Pending Methotrexate Shortage May Affect Thousands of Patients
MONDAY, Feb. 13, 2012 — Developed in the 1940s, methotrexate is one of the most commonly prescribed rheumatoid arthritis drugs. It's also prescribed for lupus and other autoimmune conditions, and in an injectable, preservative-free version, methotrexate is used to treat acute lymphoblastic leukemia (ALL), a type of cancer most often seen in young children. But following the suspension of manufacturing by one of the country's largest suppliers of preservative-free methotrexate, both patients and health care advocates are up in arms about a potential shortage.
As reported in the New York Times, one key manufacturer of methotrexate, Ben Venue Laboratories, suspended operations at its Bedford, Ohio plant last November due to what the company said were "significant manufacturing and quality concerns." The U.S. Food and Drug Administration (FDA) has also stated that the four other companies that produce methotrexate have also either slowed or stopped manufacturing the drug, according to ABC News. As a result, many fear that supplies of methotrexate are in danger of running out within a matter of weeks.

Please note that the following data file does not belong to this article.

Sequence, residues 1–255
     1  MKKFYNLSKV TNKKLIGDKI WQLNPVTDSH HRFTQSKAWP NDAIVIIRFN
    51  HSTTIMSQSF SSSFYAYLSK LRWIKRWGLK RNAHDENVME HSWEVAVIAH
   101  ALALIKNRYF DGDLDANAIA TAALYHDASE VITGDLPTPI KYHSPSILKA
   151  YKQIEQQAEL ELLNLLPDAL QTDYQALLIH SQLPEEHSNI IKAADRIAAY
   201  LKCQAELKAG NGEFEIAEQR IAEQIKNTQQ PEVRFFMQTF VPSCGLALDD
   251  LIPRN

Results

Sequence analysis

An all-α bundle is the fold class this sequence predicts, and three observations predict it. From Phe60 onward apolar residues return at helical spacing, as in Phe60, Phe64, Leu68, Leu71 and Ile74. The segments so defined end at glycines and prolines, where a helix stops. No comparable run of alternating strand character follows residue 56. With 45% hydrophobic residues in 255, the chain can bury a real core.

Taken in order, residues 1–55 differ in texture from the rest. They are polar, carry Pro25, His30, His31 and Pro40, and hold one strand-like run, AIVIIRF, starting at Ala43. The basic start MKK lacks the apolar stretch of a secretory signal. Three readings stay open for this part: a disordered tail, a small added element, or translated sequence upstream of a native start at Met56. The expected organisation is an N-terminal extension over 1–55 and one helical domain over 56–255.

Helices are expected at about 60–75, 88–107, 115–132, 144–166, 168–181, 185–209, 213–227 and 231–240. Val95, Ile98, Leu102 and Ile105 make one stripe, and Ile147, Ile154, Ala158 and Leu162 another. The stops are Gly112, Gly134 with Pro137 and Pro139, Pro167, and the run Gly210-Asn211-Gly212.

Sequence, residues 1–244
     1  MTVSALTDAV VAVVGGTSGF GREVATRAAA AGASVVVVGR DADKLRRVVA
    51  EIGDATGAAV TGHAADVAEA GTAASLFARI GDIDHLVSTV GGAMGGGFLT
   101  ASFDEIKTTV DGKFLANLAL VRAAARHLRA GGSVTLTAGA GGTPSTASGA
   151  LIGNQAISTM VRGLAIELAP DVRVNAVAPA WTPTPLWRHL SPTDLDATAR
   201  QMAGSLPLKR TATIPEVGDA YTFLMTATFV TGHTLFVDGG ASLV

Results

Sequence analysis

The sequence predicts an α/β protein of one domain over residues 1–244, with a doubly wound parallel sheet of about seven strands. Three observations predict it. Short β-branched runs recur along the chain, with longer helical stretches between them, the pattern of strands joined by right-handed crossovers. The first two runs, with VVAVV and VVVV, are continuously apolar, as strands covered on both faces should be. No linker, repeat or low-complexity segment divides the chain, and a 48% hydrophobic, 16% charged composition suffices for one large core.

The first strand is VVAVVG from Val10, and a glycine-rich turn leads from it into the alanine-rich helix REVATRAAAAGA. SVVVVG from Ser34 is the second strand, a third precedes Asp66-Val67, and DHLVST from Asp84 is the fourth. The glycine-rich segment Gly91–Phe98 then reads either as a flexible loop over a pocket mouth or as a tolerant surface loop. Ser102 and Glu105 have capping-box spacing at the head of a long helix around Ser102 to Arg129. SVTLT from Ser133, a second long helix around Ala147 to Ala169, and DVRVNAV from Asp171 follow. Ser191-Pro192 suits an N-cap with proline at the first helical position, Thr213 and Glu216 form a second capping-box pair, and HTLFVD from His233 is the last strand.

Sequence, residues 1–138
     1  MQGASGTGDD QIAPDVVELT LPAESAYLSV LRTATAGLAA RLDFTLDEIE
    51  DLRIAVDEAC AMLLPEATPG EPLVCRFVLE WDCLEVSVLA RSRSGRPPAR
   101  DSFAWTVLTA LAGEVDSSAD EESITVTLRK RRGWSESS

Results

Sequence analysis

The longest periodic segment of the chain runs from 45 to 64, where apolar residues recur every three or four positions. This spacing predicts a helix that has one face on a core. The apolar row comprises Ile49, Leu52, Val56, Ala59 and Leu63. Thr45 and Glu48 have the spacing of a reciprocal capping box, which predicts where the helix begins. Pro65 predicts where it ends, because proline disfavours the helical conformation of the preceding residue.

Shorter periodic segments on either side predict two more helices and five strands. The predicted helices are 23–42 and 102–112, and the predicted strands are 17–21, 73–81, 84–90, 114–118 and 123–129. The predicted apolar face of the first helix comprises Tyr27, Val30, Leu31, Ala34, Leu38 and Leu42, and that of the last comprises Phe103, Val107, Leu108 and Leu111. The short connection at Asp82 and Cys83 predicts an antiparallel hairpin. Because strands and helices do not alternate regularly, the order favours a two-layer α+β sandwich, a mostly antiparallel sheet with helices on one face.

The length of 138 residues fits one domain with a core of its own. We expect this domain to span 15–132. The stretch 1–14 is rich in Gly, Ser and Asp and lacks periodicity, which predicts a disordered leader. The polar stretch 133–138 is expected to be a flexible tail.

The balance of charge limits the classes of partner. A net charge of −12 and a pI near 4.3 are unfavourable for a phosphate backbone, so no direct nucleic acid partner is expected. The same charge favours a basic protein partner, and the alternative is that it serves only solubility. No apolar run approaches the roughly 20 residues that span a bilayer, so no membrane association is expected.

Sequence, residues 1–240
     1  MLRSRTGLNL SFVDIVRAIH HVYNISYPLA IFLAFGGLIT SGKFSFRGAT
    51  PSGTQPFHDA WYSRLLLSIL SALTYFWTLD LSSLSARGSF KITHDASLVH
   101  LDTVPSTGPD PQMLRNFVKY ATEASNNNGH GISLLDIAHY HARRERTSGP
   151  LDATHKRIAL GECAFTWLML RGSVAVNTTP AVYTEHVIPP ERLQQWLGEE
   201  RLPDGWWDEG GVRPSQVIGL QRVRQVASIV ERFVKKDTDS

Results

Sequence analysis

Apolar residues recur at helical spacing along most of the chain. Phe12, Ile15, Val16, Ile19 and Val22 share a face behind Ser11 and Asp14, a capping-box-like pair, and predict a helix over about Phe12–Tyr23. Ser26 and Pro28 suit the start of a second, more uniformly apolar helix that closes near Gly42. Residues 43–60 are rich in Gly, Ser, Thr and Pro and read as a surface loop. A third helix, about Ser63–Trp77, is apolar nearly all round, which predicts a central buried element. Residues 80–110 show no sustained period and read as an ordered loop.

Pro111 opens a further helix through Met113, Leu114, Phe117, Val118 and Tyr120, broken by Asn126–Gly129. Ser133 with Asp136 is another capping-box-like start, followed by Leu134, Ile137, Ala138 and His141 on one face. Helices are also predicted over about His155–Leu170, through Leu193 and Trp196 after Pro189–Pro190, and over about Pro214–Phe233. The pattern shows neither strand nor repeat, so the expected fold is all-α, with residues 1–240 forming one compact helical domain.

The potential shortfall is of greatest concern to patients with ALL and their families, since methotrexate injection into spinal fluid can keep the cancer from spreading or recurring. The preservative-free form is considered less toxic and thus preferable for this method of administration.
But people living with rheumatoid arthritis are also expressing concern via social media: @thejuicyjoint tweeted, "Has anyone heard anything about methotrexate running out? Should I be worried?" And in comments on the blog Rheumatoid Arthritis Guy, one reader wrote, "I do take [methotrexate], however, I am not letting this bother me. Stress acts as a trigger for RA and, for me, can bring on more pain and fatigue."
Considered a disease-modifying antirheumatic drug (DMARD), methotrexate helps rheumatoid arthritis by reducing inflammation and slowing the progression of the disease. Besides the injectable form, the drug can also be taken as tablets or as a liquid.
Valerie Jensen, associate director of the FDA's drug shortages program, told the Times that the agency is looking for a foreign supplier to provide emergency imports of methotrexate until domestic manufacturers can meet the demand. “We’re working on many fronts, and will keep this a priority,”